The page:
Inevitably the questions were carefully vetted and selected by the club’s PR team beforehand so there was never going to be anything controversial thrown at Slaven and the players but I still felt a candidness and honesty that’s been somewhat missing from our manager’s rhetoric in recent years.

Formalities over, the evening concluded with the opportunity for the audience to speak to Slaven and the players and to obtain any photographs or autographs that they desired. There were a lot of people to get through so while Slaven held court in his seat on the stage our personable young defenders made their way along the queue chatting and laughing with the fans as they scribbled and posed. I waited patiently along with the rest of them and was rewarded by a warm handshake and a quick chat with Super Slav as he signed my bits and pieces …. and no, that’s not a euphemism. Mind you, my friend was considering asking him to sign some very unusual items. He’s a very charismatic man is our Slav.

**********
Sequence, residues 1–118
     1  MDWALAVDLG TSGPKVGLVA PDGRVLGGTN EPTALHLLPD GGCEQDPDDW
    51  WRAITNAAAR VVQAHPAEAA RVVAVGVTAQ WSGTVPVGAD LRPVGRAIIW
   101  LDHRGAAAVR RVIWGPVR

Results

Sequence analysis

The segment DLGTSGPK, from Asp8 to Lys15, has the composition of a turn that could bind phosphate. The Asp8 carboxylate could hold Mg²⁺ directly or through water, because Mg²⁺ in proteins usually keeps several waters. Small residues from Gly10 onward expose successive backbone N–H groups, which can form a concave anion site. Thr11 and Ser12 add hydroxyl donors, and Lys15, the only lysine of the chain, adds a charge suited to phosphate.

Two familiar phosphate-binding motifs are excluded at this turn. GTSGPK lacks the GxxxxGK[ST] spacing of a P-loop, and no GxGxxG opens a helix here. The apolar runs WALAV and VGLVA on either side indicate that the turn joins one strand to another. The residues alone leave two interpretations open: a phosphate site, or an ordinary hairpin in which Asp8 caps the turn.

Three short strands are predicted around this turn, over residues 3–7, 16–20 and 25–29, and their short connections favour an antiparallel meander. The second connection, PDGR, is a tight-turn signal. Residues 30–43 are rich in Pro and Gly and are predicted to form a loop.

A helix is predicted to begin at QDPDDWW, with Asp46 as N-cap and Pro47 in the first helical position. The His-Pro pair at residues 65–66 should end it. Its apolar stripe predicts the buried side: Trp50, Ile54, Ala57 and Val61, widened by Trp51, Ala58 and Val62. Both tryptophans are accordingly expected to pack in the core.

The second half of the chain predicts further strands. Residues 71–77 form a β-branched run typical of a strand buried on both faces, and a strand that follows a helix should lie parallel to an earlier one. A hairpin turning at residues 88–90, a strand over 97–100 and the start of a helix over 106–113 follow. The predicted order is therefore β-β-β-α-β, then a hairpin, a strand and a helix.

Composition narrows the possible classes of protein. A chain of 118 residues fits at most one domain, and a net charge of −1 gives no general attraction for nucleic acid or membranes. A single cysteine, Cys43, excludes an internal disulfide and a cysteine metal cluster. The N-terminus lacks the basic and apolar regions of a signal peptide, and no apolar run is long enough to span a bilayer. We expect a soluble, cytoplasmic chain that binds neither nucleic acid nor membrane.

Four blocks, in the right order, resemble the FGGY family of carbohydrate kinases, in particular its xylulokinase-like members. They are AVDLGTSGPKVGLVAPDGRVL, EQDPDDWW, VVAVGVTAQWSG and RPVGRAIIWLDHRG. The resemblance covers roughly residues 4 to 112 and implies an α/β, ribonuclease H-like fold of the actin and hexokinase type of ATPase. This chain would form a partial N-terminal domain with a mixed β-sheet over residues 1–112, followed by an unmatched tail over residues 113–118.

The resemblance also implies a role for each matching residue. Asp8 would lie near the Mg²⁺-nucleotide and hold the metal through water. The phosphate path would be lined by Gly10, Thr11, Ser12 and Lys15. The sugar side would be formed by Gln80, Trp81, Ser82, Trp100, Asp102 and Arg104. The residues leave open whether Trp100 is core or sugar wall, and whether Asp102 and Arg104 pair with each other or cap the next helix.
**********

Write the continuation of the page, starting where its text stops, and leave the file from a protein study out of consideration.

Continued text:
On the way out we bumped into our trio of defenders in the foyer of the hotel and they were very happy to stop and chat some more. I couldn’t resist pulling Jenks’ leg about the Arsenal game and he said that he’d watched it on his own at home. I suggested that he was sitting there on his sofa in his Arsenal scarf which he took in very good humour but he insisted that he’s a Hammer now so we said we’d let him off with one of those horrible half and half scarves.